Clinical placements have been reported to increase readiness to practice among new graduates. Caring for multiple patients involves a high level of complexity, requires confidence and this can be achieved with sufficient [6] [7]. The clinical competence and fitness for practice upon completion of undergraduate education have been questioned over the past decade [8]. According to Blegen et al., university degree programmes offer better nursing care when compared to nurses trained from non-university nursing programmes [9]. Because nurses with university degrees reason better, think critically and make sound clinical judgements when executing patient care [10] patients nursed by nurses with university degrees have better health outcomes when compared to patients nursed by nurses with other qualifications [11] [12]. This is because university-based nursing degree programmes are quality assured by university-wide quality assurance processes and professional regulatory councils [13] so they meet both educational and professional nursing standards. This is not common practice in non-university-based nursing programmes. University-based degree programmes, in addition to the generic nursing sciences, integrate basic and social sciences quintessential to the reasoning processes inherent in nursing care [14] and are facilitated by experts. Lecturers in these university-based nursing degree programmes have advanced educational and professional qualifications at a level higher than the qualification they are facilitating. The undergraduate nursing students are taught both in the university, and university accredited clinical practice sites.

University-based nursing degree programmes are not without controversies. Issues raised against these degrees include having content but without clinical practice [15] [16], failure to “hit the ground running” and requiring extensive induction processes [17]. Some graduates have also complained of the limited clinical exposure, limited clinical accompaniment during training and the lack of structured practical components in their degree programmes [18]. There is need for more robust evaluation of university-based nursing degree programmes especially in resource-limited settings in Africa.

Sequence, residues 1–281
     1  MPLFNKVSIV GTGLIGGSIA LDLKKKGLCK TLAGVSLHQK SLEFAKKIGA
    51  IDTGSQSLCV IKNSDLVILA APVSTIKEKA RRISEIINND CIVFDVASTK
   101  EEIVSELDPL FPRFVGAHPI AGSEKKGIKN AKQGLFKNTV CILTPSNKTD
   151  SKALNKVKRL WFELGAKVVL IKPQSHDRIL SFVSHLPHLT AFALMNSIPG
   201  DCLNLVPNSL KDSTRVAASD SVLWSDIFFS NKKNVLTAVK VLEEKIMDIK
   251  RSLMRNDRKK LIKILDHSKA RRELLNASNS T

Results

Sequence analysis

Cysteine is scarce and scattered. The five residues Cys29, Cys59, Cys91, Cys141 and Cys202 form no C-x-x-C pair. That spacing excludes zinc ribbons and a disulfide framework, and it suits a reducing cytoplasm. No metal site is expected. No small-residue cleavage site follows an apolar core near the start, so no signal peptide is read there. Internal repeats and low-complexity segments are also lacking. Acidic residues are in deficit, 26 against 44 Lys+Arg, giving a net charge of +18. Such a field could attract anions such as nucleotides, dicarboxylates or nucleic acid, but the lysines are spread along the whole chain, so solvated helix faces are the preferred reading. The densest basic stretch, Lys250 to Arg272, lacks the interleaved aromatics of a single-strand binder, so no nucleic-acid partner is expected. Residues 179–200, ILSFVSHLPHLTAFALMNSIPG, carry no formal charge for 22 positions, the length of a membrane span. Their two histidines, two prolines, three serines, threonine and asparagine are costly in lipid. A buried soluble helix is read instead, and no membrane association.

The University of Zimbabwe is the oldest university and was the first to provide medical education in Zimbabwe. Nursing Bachelor’s degree program was established in 1985. To date the department has developed tremendously offering a variety of programs from Bachelor of Science, Honors Degree in Nursing (BSc N) to DPhil Level. The programs currently offered by the Department of Nursing Science are; Bachelor of Science honors degree in Nursing Science (4year full time), Master of Science degree in Nursing Science (3 years Part Time and 18 months’ full time) and Doctor of Philosophy in Nursing. MCH at undergraduate level is offered in the 3rd and 4th years of study.